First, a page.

Legal Expert: Overriding 'Sovereign Immunity' Bad Idea
The head of the Florida Bar’s International Law Section says Congress is making a big mistake by allowing 9-11 victims to sue Saudi Arabia.
Miami attorney Alvin Lindsay says President Barack Obama is right when he warns the law will invite retaliation in foreign courts.
“It could easily boomer rang and the law of unintended consequences could prevail when foreigners start suing the United States of America in their courts for perceived actions, perceived damages, based on governmental conduct.”
Congress was under enormous political pressure to hand Obama his first veto override, Lindsay says. But it violates a doctrine known as sovereign immunity that prevents lawsuits from bringing governments to a screeching halt.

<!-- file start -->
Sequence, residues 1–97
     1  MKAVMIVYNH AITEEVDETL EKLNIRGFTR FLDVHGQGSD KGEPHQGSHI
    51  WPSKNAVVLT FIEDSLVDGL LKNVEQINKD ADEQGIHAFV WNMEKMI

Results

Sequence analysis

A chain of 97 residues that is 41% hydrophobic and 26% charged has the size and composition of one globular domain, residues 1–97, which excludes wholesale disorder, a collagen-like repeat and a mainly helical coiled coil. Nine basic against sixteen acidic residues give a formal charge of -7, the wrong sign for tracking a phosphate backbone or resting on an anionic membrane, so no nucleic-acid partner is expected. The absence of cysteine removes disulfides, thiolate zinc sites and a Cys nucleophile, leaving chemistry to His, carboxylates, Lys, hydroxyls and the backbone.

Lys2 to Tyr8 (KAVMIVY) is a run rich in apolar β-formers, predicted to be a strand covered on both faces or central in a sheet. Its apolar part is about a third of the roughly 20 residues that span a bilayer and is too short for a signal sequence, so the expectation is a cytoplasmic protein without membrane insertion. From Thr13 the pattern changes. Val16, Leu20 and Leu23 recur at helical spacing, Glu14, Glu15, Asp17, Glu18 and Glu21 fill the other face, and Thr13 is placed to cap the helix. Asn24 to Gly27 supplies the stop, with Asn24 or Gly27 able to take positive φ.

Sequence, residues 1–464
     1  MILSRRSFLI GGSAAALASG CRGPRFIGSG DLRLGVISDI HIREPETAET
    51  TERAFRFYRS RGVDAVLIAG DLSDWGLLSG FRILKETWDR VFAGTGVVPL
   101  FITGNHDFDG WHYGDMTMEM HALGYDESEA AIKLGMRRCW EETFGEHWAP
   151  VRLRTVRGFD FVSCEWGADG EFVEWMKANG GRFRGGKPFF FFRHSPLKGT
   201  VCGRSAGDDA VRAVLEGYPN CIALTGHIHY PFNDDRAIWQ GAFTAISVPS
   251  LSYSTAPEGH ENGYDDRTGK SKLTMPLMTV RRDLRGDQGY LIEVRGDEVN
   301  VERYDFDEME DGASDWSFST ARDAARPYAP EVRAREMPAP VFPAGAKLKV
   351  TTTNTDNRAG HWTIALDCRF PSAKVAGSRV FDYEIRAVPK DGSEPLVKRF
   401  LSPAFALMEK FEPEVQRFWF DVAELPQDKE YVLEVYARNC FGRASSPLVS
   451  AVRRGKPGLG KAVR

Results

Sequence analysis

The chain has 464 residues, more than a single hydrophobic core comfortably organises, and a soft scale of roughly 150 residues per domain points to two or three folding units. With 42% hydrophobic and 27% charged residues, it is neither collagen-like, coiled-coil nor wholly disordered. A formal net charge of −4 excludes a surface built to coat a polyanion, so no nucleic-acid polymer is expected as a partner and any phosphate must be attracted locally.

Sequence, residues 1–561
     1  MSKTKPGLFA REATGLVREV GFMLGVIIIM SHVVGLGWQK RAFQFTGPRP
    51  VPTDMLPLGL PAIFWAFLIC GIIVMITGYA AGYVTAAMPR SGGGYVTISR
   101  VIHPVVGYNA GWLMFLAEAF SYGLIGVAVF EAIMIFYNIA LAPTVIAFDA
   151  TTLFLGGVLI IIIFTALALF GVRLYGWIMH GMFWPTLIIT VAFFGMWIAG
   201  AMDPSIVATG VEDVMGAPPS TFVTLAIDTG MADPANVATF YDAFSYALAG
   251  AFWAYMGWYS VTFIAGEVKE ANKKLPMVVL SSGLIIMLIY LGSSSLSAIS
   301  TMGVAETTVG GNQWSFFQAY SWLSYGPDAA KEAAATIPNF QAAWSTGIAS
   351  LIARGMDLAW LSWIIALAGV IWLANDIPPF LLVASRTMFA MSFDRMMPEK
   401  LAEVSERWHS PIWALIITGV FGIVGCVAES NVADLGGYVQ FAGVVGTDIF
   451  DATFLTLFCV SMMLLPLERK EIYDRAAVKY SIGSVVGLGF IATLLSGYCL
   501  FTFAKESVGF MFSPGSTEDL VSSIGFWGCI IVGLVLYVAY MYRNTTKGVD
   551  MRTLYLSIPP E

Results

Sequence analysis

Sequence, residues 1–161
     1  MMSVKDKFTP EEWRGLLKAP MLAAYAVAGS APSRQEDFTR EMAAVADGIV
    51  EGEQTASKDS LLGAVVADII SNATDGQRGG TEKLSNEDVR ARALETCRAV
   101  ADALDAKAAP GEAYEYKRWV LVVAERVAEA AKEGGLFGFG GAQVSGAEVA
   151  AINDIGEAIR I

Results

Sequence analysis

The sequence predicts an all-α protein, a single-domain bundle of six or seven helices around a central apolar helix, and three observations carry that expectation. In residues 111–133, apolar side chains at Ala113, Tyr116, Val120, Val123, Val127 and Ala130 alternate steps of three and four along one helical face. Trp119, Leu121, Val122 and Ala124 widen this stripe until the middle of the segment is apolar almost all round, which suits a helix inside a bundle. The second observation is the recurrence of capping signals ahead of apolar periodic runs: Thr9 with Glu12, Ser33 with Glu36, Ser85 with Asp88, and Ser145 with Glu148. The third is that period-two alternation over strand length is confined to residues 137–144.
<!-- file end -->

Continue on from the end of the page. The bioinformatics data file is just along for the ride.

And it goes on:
The bill is limited to 911 victims. But Lindsay says Cuban immigrants in Miami could be inspired to sue their former government for lost property.
“There are a number of Miami residents who would like to do that and have talked about doing that for years. Again, this could be part of the slippery slope. They may well use this as justification for attempting to do that.”
Judgements in foreign courts are often enforced against US citizens through the doctrine of “comety” or mutual respect. It depends on the case, and whether a U.S. court is willing to “domesticate” the foreign judgement.